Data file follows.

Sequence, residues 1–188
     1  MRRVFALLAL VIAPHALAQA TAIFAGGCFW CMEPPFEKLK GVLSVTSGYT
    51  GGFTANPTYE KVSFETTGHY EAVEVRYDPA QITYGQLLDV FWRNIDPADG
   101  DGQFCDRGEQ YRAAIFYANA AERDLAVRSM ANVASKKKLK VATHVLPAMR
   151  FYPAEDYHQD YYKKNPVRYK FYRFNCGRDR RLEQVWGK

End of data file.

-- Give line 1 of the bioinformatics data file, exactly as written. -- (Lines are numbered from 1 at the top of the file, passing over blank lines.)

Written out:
Sequence, residues 1–188